On average horses drink 7-10 gallons of water a day and this remains as important in cold weather as it is in the summer because reduced water intake can lead to gastrointestinal problems such as the dreaded impaction colic.
Studies demonstrate that horses will drink more if provided access to heated water and that most water consumption happens within three hours of feeding. How can you use this information to your advantage? Refill buckets at feed time with warm water to maximize your horse’s water intake—especially in the winter when water is more likely to be freezing or close to freezing.
As always, if you have any questions or would like to learn more about preventing colic in your horse, your equine veterinarian remains your best source of information!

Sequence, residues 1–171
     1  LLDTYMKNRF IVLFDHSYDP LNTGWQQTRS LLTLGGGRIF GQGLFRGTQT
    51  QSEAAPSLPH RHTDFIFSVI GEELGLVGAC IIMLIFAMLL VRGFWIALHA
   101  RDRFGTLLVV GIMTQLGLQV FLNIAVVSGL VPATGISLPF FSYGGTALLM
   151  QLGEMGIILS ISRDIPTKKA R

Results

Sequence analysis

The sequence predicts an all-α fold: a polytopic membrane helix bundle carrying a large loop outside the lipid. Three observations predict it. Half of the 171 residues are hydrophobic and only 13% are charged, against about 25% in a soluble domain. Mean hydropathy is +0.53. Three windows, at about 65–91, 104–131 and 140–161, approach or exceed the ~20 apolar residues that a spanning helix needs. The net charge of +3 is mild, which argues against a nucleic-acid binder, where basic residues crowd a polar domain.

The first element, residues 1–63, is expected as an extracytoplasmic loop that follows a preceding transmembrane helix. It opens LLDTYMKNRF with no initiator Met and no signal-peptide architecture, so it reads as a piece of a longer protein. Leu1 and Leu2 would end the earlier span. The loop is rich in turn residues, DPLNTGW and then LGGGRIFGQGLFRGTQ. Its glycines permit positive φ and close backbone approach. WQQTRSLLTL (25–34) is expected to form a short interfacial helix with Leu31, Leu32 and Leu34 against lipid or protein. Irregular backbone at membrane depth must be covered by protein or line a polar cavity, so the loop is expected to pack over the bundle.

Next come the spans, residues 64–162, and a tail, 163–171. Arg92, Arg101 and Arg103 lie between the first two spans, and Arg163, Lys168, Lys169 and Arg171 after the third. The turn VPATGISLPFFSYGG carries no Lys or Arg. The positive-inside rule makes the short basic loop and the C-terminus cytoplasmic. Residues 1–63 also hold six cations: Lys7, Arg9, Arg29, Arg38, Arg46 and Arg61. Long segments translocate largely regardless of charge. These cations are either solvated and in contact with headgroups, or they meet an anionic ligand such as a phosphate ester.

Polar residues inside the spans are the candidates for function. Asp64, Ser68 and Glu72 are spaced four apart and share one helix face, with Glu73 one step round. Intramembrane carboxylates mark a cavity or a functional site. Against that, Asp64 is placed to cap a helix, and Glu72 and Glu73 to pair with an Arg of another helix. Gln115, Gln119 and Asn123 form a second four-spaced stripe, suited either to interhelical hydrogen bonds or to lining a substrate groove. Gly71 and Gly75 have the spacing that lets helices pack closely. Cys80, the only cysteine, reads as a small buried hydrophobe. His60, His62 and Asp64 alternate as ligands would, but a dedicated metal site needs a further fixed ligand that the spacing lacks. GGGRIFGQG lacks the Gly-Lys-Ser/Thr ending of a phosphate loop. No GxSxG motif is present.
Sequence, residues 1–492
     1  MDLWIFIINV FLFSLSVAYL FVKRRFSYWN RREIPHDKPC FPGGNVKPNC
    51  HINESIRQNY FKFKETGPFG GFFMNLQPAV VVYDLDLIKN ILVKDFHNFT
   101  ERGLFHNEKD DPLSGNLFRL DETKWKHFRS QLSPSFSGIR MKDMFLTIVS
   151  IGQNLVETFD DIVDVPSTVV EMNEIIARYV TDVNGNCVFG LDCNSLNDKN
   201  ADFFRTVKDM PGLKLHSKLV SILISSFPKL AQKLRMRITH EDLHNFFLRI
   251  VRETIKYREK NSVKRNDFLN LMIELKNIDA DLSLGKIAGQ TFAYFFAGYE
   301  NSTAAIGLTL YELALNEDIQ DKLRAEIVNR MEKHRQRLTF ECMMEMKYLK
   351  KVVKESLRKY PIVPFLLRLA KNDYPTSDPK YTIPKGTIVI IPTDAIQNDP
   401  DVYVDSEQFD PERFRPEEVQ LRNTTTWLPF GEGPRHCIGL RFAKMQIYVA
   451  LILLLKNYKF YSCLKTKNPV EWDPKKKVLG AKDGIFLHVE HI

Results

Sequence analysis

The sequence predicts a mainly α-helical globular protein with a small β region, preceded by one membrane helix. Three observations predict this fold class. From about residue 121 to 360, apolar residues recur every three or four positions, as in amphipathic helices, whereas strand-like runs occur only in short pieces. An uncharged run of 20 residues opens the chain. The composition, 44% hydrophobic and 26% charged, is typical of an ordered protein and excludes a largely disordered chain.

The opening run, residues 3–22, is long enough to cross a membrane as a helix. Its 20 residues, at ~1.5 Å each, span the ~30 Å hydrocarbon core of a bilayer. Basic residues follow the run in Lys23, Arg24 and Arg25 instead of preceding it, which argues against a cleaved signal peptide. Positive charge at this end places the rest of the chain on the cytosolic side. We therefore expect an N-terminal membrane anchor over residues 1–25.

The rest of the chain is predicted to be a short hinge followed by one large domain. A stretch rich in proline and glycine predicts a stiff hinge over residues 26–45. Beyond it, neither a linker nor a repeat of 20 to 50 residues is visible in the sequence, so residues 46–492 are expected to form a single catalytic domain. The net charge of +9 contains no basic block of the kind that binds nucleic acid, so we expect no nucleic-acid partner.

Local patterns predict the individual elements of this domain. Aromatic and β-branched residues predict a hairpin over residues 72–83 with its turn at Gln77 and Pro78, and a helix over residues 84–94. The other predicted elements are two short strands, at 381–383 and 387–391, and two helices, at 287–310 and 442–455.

Brought to you by the AAEP Horse Owner Education Committee.
The American Association of Equine Practitioners (AAEP) was founded in 1954 by a group of 11 charter members who saw that together they could direct the focus of equine veterinary medicine. Today, the AAEP, headquartered in Lexington, Ky., at the Kentucky Horse Park, represents an educated group of men and women who cover a broad range of equine disciplines, breeds and associations. Nearly 9,300 veterinarians and veterinary students in 61 countries are members of the AAEP.